The National, Friday May 22nd, 2015
THE latest Moody’s ranking of Papua New Guinea does not paint a good picture of the country, says Opposition leader Don Polye.
He said this yesterday after Moody’s Investors Services on Tuesday affirmed PNG’s B1 foreign currency and local currency issuer ratings and changed the rating outlook to negative from stable.
Moody’s said this was because of fiscal deterioration with Government debts rising to 37.7 per cent of GDP in 2014, and a weakened external payments system and increased external vulnerability.
“That’s really bad,” Polye said.
“To be honest, I’m very upset with this, because some of us helped to build Papua New Guinea’s finance rating up to B1 but now it’s coming backwards.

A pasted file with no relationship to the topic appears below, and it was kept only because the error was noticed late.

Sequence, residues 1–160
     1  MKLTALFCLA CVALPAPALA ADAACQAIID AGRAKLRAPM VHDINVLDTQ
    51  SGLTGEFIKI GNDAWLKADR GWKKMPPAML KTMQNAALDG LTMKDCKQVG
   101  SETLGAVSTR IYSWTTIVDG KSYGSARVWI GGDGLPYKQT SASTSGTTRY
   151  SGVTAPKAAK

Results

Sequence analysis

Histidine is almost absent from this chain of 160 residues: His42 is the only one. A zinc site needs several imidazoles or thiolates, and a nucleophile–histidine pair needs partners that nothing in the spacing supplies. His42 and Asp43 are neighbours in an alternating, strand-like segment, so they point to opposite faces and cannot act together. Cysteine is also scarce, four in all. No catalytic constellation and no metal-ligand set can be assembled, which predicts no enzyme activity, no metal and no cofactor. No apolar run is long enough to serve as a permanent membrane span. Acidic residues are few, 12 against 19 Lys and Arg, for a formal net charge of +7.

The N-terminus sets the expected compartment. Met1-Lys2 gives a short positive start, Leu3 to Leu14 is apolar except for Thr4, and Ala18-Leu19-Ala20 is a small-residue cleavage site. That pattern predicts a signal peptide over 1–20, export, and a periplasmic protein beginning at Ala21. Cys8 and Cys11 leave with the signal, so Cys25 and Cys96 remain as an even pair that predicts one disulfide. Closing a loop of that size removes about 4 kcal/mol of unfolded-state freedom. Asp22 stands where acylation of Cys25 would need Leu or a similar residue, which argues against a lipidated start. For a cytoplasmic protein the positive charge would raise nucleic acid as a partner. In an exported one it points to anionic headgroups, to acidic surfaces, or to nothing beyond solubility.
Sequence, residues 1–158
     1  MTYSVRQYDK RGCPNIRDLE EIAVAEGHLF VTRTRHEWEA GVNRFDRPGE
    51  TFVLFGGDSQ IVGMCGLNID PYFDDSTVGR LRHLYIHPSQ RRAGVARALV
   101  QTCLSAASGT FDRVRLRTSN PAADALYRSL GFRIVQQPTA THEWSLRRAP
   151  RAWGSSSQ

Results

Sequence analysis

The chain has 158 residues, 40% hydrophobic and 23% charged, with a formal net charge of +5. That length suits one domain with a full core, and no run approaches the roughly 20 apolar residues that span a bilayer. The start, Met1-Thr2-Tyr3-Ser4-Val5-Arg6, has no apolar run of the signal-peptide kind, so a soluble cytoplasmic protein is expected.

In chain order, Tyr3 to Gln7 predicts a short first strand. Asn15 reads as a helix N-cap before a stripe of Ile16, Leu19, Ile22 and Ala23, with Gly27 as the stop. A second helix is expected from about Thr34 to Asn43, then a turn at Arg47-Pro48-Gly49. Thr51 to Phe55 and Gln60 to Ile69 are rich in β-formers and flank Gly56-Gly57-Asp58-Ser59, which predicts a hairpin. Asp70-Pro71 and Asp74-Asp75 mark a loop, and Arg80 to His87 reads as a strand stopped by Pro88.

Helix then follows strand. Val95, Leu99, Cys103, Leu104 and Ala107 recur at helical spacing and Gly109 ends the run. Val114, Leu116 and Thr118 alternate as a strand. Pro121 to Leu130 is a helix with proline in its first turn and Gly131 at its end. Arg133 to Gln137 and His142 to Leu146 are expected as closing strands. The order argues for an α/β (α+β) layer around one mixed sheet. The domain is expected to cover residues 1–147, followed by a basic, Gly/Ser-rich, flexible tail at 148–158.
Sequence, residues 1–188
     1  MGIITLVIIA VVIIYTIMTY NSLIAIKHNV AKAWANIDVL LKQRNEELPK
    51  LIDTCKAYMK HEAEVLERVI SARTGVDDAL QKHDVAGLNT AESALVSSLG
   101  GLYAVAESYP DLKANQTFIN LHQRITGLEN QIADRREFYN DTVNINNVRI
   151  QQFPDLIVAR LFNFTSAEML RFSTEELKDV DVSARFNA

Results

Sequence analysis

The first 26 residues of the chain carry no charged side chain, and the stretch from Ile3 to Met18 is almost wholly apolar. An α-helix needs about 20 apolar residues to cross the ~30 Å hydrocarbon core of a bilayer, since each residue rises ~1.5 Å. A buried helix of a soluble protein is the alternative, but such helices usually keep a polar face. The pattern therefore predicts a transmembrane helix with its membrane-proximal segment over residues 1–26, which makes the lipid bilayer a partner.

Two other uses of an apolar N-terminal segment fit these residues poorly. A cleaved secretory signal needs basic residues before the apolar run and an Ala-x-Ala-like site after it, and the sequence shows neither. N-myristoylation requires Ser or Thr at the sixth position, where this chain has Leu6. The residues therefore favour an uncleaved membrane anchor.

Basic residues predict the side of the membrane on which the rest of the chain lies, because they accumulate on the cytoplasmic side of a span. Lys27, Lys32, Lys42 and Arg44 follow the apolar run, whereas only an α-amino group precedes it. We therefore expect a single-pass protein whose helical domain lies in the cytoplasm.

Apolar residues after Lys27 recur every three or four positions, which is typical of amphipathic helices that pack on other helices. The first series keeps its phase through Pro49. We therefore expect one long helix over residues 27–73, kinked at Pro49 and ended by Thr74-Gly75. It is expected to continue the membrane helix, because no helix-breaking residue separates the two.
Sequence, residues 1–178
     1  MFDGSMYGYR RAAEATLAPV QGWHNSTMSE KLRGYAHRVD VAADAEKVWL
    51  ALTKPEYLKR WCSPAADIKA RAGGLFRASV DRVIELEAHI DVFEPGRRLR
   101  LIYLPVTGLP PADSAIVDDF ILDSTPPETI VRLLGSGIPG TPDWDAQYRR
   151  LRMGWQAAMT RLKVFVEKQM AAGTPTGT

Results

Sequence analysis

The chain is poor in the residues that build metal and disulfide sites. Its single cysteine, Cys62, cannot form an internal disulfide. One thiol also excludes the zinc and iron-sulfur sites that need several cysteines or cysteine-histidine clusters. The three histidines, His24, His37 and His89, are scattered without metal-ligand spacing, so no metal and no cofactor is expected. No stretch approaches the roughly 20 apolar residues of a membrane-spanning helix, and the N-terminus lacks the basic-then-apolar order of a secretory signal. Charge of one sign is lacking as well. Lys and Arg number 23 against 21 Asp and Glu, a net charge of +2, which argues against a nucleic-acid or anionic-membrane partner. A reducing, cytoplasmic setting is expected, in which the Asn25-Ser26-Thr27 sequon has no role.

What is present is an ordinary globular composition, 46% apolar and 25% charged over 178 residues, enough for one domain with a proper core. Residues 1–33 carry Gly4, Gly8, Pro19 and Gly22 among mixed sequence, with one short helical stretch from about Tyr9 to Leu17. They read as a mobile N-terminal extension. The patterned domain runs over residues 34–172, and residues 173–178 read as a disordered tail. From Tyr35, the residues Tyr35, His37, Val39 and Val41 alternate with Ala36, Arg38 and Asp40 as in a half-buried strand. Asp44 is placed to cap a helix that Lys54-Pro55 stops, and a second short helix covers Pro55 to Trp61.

“This is very bad because this is the time when we should be seeing positives in PNG with LNG exports and another LNG project coming up.
“Yet, for us to have a score of negative on the financial ratings is not acceptable.
“It’s unacceptable, it’s not right, we shouldn’t allow this.”
Polye said Moody’s had seen that PNG was building up a lot of debt which was now beyond 40 per cent of GDP and could not manage it “although there is a lot of money coming in”.
“The debt has led PNG to a situation where we cannot sustain our economic development programmes for the next medium term,” he said. “That has derailed our ratings.
“The other thing is that foreign reserves for the last two years have come down, depleted by almost half.
“I think it’s now down to K2 billion from K9 billion.
“When I was Treasurer, it was at the K9 billion mark, which is why I’ve been saying all the time about watching our debt level as it will deplete our foreign reserves, and you will find it very hard to finance these infrastructure developments.
“The kina exchange rate is now very artificial.
“The fiscal condition of PNG has deteriorated and we now have a very high debt level beyond 40 per cent and our foreign reserves have dropped down by more than half.”